Mel Greene’s son, Danny Greene, of Indian Trail, North Carolina, had this to say about the Institute being named for his father, “My dad joined a Rotary Club some 50 years ago and it was life changing for him and our family. Combined with the Jewish practice of “Tikkun Olam” (repair the world), he was always active in countless community projects to help improve the quality of life for so many. Everyone would call Mel when they needed to get a project organized as his passion and leadership were admirable.
Throughout my life, he always reminded me of ‘service above self’ and of the importance of giving back…he truly had a heart for the hurting. Before his passing, Human Trafficking was so disturbing to my dad that at 92 years old, he got the process in motion to fight this horrible, modern day slavery. I’m honored and thrilled to see the Mel Greene Institute to Combat Human Trafficking at Saint Leo. In life, he inspired many and his legacy lives on.”
Saint Leo University Assistant Professor Karin May currently directs the university’s involvement with the Institute and related public affairs programs. “Human trafficking has continued to be a horrible crime that is present within Florida, as well as within national and international borders,” said May, who worked in law enforcement for the protection of children and the elderly from abuse before joining the academic world.
Human trafficking crimes represent an increasingly important and fast-developing aspect of local police work as agencies battle an array of often well-funded trafficking operations. Human trafficking, as defined by Homeland Security, involves the use of force, fraud, or coercion to obtain some type of labor or commercial sex act. Human traffickers are difficult for law enforcement to spot because traffickers use violence, manipulation, false promises of well-paying jobs or romantic relationships to lure victims into trafficking situations.
May says the Institute will focus on three counties including Hernando, Pasco and Citrus to raise and maintain awareness of the “dangers and the means that criminals use to trap children and adults.”
May said “It makes sense for us to focus regionally on Hernando, Citrus, and Pasco counties to heighten and maintain that level of awareness among the public. We are also delivering new learning to college students who are interested in public safety careers and to current law enforcement practitioners who want and need updated material about detection and prosecution of criminals.”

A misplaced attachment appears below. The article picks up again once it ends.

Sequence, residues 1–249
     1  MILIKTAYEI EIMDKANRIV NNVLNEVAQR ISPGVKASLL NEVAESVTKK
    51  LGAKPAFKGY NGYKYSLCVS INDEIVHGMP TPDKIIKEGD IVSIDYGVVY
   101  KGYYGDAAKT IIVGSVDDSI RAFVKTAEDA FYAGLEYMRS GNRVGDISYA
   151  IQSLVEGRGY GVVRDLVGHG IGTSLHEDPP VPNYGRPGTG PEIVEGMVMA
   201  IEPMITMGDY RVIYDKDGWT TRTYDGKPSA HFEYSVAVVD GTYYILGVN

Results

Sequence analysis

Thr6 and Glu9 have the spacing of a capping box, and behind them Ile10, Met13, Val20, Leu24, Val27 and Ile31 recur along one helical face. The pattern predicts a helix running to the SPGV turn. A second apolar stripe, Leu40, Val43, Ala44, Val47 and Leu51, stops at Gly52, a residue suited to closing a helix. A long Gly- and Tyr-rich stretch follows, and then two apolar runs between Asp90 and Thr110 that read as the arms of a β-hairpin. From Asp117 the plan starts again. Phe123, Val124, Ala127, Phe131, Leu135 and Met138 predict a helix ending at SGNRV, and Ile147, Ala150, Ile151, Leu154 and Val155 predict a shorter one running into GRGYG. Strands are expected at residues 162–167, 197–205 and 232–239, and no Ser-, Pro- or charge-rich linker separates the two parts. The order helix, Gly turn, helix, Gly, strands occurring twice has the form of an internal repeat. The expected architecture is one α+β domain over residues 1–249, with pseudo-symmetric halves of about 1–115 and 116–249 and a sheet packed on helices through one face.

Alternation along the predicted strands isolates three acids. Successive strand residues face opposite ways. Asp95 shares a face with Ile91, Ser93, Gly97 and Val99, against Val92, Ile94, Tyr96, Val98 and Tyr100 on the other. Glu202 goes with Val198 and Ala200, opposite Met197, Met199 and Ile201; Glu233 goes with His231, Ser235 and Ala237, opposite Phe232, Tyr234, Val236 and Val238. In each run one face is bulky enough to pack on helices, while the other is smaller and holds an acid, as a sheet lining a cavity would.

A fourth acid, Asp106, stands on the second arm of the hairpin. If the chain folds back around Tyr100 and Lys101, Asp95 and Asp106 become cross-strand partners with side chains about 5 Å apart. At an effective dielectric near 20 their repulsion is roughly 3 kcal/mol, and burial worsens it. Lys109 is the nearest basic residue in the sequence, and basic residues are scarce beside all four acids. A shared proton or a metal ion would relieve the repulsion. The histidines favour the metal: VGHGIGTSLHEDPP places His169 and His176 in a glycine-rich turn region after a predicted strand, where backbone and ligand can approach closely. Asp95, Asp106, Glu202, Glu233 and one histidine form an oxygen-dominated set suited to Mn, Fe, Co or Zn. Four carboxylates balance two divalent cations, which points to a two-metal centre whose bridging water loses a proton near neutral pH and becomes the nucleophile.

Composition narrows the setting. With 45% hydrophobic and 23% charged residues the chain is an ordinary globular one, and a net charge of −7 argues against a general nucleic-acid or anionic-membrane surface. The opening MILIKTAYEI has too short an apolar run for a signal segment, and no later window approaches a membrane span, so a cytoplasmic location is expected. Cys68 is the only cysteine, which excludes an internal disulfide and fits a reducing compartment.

The Pasco Sheriff’s Office was more than happy to partner with Saint Leo on this institute, according to Rogerick Green, director of F1RST, which frequently works with teaching institutions and professionals to disseminate new, applied knowledge meant to improve public safety operations. The two organizations have worked on projects in the past conducting seminars on leadership development, natural disaster and emergency management for professionals in a variety of agencies in different local communities.
“We at F1RST- PSO are inspired by the partnership with Saint Leo and the Mel Greene Foundation to expand our efforts to support human trafficking survivors and to educate our community on identifying and reporting human trafficking,” said Green.
In recent years, Florida emerged as the third-ranked state in the nation for human trafficking activity with traffickers using trapped individuals for commercial sex rings, unpaid manual labor, and other profit motives.
May, of Saint Leo, says some of the first public-facing events will involve sponsoring speakers who can boost the public’s awareness of the prevalence of trafficking. One Saint Leo class already benefitted from hearing from two speakers provided through connections with the Mel Greene Institute – one a judge, the other a survivor of human trafficking.
Public awareness was amplified in January, the month established in the United States as National Slavery and Human Trafficking Prevention Month.
Below is further information available at the webpage: Mel Greene Institute to Combat Human Trafficking | Saint Leo University:
An established resource for anyone who needs help or who suspects related wrongdoing is the National Human Trafficking Hotline. Call toll-free 1-888-373-7888 at any time. Text 233733. The TTY number is 711. And people can use the chat function at www.humantraffickinghotline.org/chat.